If your business is operating within the EU, it’s time you pause and find out how the new EU data regulation might be affecting you.
On 25 May 2018, the EU General Data Protection Regulation (GDPR) will start to apply. If your customers are in the EU, the way you manage their data and personal information is about to change. Anyone within the EU borders at the time their personal data is processed and used, will become a subject to the new data protection act. This also applies for EU personal data handled by companies based anywhere in the world.
EU Only Data Storage
If you are processing and storing any personal data when sending realtime updates, you need to review where this data gets stored. One of the first things to do is find out where does your realtime provider have it’s data centers.
Unless the third party provider meets specific requirements such as being located in a country that is certified by the European Commission, all data obtained within the EU must remain within its borders. In addition, your customers have the right to request that their personal data stays within the EU.
The best way to deal with your realtime compliance is by making sure that your data is stored in servers located within the EU. This should apply for both permanently stored data and also transient messaging activity.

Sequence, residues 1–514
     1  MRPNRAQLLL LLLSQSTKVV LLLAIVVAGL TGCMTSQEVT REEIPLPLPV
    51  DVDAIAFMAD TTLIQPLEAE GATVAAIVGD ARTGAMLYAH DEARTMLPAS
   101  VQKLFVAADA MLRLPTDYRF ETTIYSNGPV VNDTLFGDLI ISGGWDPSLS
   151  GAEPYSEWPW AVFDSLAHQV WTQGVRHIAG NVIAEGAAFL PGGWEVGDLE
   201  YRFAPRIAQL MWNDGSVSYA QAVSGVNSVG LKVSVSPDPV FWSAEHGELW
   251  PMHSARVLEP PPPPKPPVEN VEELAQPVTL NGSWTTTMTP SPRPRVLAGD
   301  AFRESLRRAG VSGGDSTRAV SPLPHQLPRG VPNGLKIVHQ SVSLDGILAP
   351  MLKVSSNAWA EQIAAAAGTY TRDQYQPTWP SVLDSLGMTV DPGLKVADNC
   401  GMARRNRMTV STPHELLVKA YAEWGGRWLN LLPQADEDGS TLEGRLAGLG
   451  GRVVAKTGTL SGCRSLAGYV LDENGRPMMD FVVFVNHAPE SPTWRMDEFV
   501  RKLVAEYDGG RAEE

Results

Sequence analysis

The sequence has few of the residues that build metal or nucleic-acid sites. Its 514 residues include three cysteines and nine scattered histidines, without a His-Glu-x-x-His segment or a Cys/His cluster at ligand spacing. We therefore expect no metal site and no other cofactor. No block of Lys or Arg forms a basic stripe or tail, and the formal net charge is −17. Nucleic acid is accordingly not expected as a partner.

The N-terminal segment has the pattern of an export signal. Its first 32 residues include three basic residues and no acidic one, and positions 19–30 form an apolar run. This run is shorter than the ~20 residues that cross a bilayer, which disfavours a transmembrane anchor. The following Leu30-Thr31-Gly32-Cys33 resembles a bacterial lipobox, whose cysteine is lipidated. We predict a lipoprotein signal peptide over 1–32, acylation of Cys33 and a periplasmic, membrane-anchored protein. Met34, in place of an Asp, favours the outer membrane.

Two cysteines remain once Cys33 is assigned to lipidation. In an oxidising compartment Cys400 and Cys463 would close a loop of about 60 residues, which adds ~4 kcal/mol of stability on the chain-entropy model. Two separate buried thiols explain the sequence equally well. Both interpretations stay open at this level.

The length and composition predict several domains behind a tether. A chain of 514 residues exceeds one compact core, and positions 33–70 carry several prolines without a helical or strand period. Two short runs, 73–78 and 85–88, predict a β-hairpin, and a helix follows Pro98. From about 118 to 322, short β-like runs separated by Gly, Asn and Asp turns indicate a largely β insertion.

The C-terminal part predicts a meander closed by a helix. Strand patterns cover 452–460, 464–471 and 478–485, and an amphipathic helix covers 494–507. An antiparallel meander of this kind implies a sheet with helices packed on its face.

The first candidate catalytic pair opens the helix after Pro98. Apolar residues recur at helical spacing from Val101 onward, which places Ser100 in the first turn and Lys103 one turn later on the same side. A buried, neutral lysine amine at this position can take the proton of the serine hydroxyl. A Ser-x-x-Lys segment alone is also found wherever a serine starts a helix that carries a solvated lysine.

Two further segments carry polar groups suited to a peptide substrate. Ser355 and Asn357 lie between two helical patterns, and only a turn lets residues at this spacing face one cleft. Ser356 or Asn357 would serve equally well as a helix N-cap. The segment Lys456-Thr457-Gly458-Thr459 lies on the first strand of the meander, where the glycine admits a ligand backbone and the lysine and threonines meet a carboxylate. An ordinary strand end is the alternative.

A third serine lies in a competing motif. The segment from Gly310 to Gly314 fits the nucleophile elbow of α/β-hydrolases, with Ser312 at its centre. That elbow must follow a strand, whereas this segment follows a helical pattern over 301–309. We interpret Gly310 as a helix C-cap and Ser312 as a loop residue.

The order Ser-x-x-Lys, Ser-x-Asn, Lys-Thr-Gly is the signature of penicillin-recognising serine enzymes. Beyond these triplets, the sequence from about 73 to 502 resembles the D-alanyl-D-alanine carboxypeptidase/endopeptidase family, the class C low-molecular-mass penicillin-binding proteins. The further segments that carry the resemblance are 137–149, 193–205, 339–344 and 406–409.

Data Privacy & The Right to be Forgotten✂️
Individuals within the EU will be able to request to have their data deleted. This means that all companies have a certain timeframe by which they need to make sure they have removed all personal information related to an individual. Any third parties that are using this personal information will also need to be notified and must remove all data intended for it’s primary use.
This is why it’s important to take precautionary measures and make sure you delete irrelevant information as soon as possible. This can be done by putting in place procedures that help identify the relevance of the information and make sure it’s deleted once it becomes irrelevant to its original intended purpose.
In the specific case of realtime data processing, reviewing how you manage your message history becomes paramount. This data is also under review and you need to make sure that you are able to audit your message history to ensure compliance with this regulation.
At Ably, we delete all messages automatically within 2 minutes however if you are using the message history feature then messages might be typically stored for 24–72 hours on disk. We automatically delete all message history after this period which allows you to stay within the regulatory guidance and still be able to reap the benefits of this feature.
Data Processing ?
The EU regulation identifies two parties that handle personal data information and you need to know where your company fits.The Data controller is an entity that determines the purpose, conditions and means of processing personal data while a Data processor is the entity that processes the personal data on behalf of the controller.